Microsoft is especially hard-hit by this issue, with the company not having a single major first-party launch in this calendar year – a consequence of the firm’s ongoing struggle to bring its first-party and platform exclusive development pipeline up to scratch after years of neglect. Even so, the general problem is industry-wide, and this drop in engagement is likely to be reflected across 2022’s numbers from many of the industry’s biggest companies.
It’s worth repeating that these figures are coming off the back of some tough comparisons. Engagement during the pandemic was high for the simple reason that people didn’t have a whole lot else to do; there’s only so much sourdough bread one person can bake. We always knew that engagement would drop off once people were able to resume their old activities, which is now more-or-less true in most places.
Microsoft’s year-on-year revenue drop isn’t a surprise in this context, and it won’t be a surprise when other companies post similar results – but equally, the extent of this decline might have been better cushioned by a strong 2022 release slate. Instead, the very sparse release slate – which sees a number of publishers having only one major release this year, or even none at all in some cases – means that we’re going to see a number of companies breaking there fall rather more painfully than they needed to.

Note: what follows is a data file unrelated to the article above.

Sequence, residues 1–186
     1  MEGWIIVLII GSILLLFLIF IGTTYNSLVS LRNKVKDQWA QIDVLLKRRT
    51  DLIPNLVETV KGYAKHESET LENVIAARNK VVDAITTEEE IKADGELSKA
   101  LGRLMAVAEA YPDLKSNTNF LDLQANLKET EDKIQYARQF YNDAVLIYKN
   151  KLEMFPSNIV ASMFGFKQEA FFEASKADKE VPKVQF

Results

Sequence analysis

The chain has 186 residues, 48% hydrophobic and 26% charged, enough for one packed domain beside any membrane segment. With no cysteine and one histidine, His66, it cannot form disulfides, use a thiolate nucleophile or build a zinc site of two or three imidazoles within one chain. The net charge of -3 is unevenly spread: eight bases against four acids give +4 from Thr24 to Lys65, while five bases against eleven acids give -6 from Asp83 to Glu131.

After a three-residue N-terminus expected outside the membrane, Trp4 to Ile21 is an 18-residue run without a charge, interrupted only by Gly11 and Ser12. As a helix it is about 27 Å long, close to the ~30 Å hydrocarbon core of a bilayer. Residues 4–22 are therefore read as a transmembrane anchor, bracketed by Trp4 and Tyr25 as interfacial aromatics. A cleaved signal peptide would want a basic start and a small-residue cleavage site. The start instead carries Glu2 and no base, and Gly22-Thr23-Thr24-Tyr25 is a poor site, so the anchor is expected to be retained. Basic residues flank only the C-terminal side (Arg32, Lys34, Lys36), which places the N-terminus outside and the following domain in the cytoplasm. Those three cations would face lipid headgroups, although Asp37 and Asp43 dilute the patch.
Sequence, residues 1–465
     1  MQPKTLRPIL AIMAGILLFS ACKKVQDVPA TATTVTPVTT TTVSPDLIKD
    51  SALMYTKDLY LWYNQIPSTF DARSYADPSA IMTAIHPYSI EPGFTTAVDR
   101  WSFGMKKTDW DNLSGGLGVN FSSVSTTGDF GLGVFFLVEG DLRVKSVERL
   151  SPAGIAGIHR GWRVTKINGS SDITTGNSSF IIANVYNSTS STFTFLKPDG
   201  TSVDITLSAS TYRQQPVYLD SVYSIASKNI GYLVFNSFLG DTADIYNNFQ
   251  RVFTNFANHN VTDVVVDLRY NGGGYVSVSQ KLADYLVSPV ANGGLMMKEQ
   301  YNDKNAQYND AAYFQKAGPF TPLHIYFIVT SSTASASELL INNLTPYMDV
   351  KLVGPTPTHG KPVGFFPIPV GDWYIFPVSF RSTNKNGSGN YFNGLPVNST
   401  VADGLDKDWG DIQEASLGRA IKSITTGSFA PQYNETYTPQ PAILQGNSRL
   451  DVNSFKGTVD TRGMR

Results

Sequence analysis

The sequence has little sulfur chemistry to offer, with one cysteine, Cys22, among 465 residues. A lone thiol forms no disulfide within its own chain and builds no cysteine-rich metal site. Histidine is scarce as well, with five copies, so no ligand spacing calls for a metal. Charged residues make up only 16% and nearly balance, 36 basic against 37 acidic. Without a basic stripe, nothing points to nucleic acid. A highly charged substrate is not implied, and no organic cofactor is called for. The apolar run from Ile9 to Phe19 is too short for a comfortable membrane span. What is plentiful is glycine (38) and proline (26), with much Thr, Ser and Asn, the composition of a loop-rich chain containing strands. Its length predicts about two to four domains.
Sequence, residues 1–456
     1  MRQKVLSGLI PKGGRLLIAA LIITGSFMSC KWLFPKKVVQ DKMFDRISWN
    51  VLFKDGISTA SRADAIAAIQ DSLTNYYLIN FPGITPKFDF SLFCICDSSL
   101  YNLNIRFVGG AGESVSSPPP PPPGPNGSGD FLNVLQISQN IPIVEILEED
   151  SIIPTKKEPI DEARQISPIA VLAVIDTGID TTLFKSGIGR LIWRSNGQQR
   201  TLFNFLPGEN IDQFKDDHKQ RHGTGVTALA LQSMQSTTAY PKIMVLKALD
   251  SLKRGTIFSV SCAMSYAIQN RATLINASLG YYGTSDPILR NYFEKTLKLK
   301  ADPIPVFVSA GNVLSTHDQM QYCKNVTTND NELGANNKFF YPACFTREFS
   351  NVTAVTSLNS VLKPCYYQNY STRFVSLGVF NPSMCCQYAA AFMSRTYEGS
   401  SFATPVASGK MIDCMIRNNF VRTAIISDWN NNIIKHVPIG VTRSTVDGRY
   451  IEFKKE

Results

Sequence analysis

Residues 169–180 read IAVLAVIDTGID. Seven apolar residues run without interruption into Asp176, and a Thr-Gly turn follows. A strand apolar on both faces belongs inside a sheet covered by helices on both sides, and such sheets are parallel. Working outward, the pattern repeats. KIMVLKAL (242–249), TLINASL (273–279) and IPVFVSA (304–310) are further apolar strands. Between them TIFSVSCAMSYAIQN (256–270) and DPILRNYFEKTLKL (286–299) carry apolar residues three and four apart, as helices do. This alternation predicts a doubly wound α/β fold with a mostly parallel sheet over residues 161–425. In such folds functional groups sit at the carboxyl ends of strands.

I think it’s actually worth taking a step back and looking at the 2022 release slate, because sitting down to make a list of the headline titles for the year – both those released already and those in the pipeline for the back half – is quite an eye-opening exercise in terms of how few major titles are on that schedule right now.